Media Release — Fantagraphics Books is proud to announce that it has struck a deal with comics historian and editor Greg Sadowski to produce six new collections of classic comic book material for the Seattle publisher. Sadowski is a Harvey and Eisner Award-nominated editor who has previously overseen the publication of the acclaimed collections SUPERMEN: THE FIRST WAVE OF COMIC BOOK HEROES 1936-1941, as well as B. KRIGSTEIN and B. KRIGSTEIN COMICS. He is a former staff editor and designer for Fantagraphics Books and currently works freelance from his home on San Juan Island in Washington State’s Puget Sound.
“Greg has written one of the landmark cartoonist biographies (and only the first half yet!) with B. Krigstein, and the collections of comics from the ’40s and ’50s that he’s edited for us — B. Krigstein Comics and Supermen!, to date — have been meticulously assembled, with an eye toward selection, flow, and accompanying historical text. We’re pleased that he’s got such an ambitious agenda ahead,” says Fantagraphics Publisher Gary Groth, who acquired the books.
The books will be released one per season, beginning with FOUR COLOR FEAR: FORGOTTEN HORROR COMICS OF THE 1950s in June 2010 and produced in collaboration with comics historian John Benson (SQUA TRONT). The second book, due in Fall 2010, will be a collection of legendary artist Alex Toth’s work for Standard Comics in the 1950s. The remaining books will be release in subsequent seasons, with exact schedules to be announced. The full list of books follows after the jump below.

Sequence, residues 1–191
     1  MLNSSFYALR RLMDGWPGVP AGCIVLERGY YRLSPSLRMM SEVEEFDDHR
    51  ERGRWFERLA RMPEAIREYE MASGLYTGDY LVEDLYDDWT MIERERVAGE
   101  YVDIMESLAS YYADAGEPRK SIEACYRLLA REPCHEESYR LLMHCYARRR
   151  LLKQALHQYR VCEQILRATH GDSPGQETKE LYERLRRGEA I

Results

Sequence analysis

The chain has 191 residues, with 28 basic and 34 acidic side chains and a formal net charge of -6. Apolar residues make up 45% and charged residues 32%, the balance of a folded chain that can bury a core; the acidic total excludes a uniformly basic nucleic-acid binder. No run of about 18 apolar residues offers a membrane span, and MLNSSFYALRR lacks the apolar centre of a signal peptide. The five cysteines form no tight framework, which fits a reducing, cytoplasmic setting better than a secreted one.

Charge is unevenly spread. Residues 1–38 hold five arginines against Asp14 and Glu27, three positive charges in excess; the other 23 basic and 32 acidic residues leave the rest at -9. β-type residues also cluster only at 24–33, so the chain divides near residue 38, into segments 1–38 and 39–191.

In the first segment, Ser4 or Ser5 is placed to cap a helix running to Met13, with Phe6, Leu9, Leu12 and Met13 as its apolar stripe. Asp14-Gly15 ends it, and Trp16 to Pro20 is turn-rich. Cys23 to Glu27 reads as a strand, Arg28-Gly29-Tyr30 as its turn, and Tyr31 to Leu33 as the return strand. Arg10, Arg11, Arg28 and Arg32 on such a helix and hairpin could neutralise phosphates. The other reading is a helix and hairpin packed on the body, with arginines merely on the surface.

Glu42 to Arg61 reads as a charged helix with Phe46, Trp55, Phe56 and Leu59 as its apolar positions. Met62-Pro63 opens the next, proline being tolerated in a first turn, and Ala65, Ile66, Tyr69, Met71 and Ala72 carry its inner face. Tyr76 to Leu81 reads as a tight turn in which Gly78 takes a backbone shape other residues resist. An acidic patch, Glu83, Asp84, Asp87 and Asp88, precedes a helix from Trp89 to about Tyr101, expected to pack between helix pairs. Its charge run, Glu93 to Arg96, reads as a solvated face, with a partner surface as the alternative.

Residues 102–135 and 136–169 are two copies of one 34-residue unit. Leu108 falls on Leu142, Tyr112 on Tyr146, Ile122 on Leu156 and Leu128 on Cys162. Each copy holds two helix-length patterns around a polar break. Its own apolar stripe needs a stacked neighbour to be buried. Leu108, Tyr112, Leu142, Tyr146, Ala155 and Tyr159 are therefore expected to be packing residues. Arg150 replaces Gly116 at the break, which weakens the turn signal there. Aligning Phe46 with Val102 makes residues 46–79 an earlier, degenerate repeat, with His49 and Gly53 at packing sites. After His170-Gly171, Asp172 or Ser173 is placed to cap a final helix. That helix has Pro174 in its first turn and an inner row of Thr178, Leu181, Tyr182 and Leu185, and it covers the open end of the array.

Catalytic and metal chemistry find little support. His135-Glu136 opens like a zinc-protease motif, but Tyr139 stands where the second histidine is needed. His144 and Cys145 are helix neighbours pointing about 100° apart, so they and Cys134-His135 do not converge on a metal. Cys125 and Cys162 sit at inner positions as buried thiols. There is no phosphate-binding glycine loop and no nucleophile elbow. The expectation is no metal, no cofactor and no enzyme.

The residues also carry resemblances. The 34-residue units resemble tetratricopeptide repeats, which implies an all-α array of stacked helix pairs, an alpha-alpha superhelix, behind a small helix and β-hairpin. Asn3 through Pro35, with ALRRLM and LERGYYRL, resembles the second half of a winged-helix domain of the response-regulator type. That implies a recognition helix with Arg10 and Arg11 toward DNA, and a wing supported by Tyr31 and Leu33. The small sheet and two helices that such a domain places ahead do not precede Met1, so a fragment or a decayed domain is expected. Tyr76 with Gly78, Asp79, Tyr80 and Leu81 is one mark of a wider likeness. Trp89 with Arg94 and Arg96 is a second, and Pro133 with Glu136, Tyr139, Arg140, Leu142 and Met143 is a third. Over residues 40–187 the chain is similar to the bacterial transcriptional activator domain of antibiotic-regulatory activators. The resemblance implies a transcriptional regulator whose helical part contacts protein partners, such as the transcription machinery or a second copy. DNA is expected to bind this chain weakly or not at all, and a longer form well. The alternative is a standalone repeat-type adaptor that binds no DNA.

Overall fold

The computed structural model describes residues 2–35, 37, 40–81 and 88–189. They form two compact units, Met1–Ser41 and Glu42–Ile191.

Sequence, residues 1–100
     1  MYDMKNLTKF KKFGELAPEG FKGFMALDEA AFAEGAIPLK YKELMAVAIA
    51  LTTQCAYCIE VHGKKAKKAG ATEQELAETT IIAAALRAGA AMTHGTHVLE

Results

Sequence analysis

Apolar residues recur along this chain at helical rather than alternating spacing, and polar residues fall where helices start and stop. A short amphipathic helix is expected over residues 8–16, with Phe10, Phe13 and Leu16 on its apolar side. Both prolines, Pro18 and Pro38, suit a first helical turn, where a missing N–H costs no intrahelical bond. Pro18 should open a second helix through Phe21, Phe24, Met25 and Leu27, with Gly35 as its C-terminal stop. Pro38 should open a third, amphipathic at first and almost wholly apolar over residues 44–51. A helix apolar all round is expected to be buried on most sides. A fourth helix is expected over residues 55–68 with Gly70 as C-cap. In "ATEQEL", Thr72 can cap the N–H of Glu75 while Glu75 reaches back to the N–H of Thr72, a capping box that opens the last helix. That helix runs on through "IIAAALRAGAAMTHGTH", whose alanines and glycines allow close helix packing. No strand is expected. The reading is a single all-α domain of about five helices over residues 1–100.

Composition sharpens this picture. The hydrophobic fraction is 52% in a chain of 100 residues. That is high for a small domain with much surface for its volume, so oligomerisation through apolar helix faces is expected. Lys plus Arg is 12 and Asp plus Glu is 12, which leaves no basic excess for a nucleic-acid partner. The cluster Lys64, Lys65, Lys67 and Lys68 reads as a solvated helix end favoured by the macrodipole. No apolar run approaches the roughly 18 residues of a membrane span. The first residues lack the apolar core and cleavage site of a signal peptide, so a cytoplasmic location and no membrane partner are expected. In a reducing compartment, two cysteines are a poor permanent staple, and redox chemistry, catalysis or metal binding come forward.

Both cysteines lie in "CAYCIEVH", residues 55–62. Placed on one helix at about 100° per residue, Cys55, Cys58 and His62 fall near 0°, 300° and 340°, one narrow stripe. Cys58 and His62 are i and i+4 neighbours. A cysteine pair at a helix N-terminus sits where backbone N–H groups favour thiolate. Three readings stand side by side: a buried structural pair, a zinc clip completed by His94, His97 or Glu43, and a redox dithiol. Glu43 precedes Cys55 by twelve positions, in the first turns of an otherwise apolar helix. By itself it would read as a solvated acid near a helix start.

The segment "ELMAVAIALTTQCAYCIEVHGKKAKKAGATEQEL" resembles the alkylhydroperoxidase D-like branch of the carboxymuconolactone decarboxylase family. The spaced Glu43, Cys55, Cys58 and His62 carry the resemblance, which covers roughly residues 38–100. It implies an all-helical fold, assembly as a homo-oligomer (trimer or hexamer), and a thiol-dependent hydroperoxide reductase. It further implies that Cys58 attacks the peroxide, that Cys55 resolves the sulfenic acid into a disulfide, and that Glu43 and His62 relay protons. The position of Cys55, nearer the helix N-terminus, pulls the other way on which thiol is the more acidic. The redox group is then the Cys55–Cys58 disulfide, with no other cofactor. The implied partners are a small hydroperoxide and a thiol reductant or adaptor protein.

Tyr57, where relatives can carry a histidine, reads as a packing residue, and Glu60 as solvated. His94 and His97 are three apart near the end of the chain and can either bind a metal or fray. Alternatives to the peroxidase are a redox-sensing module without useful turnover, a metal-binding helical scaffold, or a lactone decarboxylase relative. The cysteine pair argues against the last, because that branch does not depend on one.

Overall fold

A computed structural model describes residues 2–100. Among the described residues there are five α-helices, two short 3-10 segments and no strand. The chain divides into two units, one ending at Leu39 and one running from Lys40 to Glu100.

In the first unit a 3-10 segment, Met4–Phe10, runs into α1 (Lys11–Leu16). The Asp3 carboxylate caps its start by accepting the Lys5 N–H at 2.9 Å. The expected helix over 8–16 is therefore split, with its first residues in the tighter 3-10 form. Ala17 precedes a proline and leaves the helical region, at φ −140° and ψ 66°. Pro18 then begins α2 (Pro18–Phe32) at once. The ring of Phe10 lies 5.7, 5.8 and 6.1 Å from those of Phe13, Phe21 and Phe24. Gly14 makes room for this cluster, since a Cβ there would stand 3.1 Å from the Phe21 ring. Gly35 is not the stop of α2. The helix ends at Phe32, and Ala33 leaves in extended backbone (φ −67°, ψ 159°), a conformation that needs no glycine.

FOUR COLOR FEAR: Forgotten Horror Comics of the 1950s
RELEASE DATE: June 2010
This full-color 304-page edition collects the finest horror comics of the pre-code era (1950-54). EC is the company that most fans associate with horror, but to the average reader there remain unseen a tremendous volume of genuinely disturbing, compulsive, and imaginative stories from publishers such as Ajax-Farrell, Atlas, Charlton, Fawcett, Quality, Standard and many more. Four Color Fear collects the best, and includes 40 full-sized covers. Featured are comic book legends such as Jack Cole, Steve Ditko, George Evans, Frank Frazetta, Alex Toth, Al Williamson, Basil Wolverton, Wally Wood, L.B. Cole, Matt Fox and many others. “In these types of compilations, I try to provide a service to the reader who has neither the time, inclination, nor bank account to purchase and sift through hundreds of golden age comic books to glean off that precious 10% — the most distinctive and worthwhile examples from a particular genre,” says Sadowski.
SETTING THE STANDARD: Alex Toth at Standard Comics 1952-54
RELEASE DATE: Fall 2010
“It’s hard to overstate the influence of Alex Toth on the art of comic books,” says Sadowski. “Toth was from that first generation who grew up reading comic books, and he came to the medium armed with enough discipline, talent, and sheer love and respect for the medium to create a technique free of condescension, artifice, or shortcuts. His work at Standard first established him as the ‘comic book artist’s artist.'” Learning his craft at Eastern and DC, Alex Toth arrived at Standard Comics in late 1951 with a fully formed, graphically impeccable technique perfectly suited to the comic book medium – honest, uncompromising, and free of condescension and artifice. Includes a biographical sketch and an essay on Toth’s approach to comic book storytelling, based heavily on his interviews and written correspondence.